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Caring for yourself

On the back of our toilet door at home we have this quote

We are not here to fit in, be well balanced, or provide exempla for others. We are here to be eccentric, different, perhaps strange, perhaps merely to add our small piece, our little clunky, chunky selves, to the great mosaic of being. As the gods intended, we are here to become more and more ourselves.
— James Hollis - What Matters Most: Living a More Considered Life

I'm an avid reader and admirer of James Hollis' work and his challenge to look within, in order to become more ourselves and have more to offer the world. In a world that seems to demand so much of us, it is often hard to find this time, or it may seem selfish, but as Hollis says, "the paradox of individuation is that we best serve intimate relationship [and any relationship] by becoming sufficiently developed in ourselves that we do not need to feed off others."

One of my favourite books is his book Hauntings - a challenging read, but well worth it.

Statement after appearing in Gunnedah Local Court


Statement after appearing in Gunnedah Local Court

In November I was arrested while part of a nonviolent protest in the Leard State Forest - which is the site of Whitehaven’s Maules Creek coal mine. Today my case went before the Gunnedah Local Court and the offence was proved but dismissed without conviction by the Magistrate. I’d like to thank Ken Averre for representing me. I would also like to thank everyone who has supported me over the last few months, it has been incredibly humbling. And I’d also like to thank the people who haven’t agreed with my actions but have been willing to engage in conversation about some of the issues involved.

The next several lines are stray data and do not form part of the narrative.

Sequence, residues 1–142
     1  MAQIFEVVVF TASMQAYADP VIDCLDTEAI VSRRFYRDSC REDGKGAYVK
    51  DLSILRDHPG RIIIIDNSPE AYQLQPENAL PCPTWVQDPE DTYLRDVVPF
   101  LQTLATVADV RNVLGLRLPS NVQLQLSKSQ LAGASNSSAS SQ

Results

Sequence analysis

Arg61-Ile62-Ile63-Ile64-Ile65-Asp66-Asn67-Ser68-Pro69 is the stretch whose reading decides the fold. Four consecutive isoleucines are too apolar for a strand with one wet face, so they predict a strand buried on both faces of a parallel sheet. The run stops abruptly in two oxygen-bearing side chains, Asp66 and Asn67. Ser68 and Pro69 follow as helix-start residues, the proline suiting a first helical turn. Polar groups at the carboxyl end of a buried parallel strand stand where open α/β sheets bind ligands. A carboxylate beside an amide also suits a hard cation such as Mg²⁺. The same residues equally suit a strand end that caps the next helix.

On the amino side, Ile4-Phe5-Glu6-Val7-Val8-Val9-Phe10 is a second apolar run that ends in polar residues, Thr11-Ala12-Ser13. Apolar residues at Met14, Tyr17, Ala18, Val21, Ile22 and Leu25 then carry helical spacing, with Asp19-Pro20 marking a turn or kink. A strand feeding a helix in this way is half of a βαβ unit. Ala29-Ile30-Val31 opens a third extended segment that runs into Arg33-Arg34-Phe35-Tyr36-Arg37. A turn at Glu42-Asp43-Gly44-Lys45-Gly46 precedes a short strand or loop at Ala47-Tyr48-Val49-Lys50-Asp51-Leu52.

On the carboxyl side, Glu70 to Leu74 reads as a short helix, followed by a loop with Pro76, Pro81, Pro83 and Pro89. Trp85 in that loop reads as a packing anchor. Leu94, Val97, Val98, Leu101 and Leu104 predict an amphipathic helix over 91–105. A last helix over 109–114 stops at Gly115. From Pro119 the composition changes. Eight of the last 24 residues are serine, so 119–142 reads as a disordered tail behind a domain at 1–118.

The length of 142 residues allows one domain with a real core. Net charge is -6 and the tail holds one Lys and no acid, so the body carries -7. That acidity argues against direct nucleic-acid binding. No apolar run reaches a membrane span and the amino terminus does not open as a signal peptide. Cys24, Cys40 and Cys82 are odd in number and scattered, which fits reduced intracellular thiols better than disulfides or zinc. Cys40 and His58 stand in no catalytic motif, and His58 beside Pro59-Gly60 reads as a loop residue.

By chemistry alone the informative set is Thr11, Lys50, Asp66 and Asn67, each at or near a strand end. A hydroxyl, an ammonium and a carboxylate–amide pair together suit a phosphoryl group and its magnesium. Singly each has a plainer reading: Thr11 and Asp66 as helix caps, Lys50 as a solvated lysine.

While it is a relief to have the charges against me dismissed this comes at a time when Australia is expanding coal production with the approval of a new mine in Gunnedah just this week.

After spending ten hours chained to local farmer Rick Laird in November, I was struck by the harsh reality farmers like Rick face. Not only does the coal mine affect his community now (producing 18,000 tonnes of coal dust just 4km’s from his children’s school and dropping the water table) but in years to come Australian farmers will bear the brunt of a changing climate - worsened by the burning of coal from mines like the one at Maules Creek.

While everyone may not agree with the actions I took, I hope they will see this as an opportunity to further the conversation about climate change and engage more people in helping to shape what is all of our futures. Our reliance on coal and its effects on the climate affect us all. Action on climate change may seem daunting but I believe we all have a role to play and I am proud to have stood with Rick. My hope is that our small action will have gone some way to progressing conversation and action on climate change to ensure that we leave a liveable planet for future generations.

More info:
Front Line Action on Coal

Lock the Gate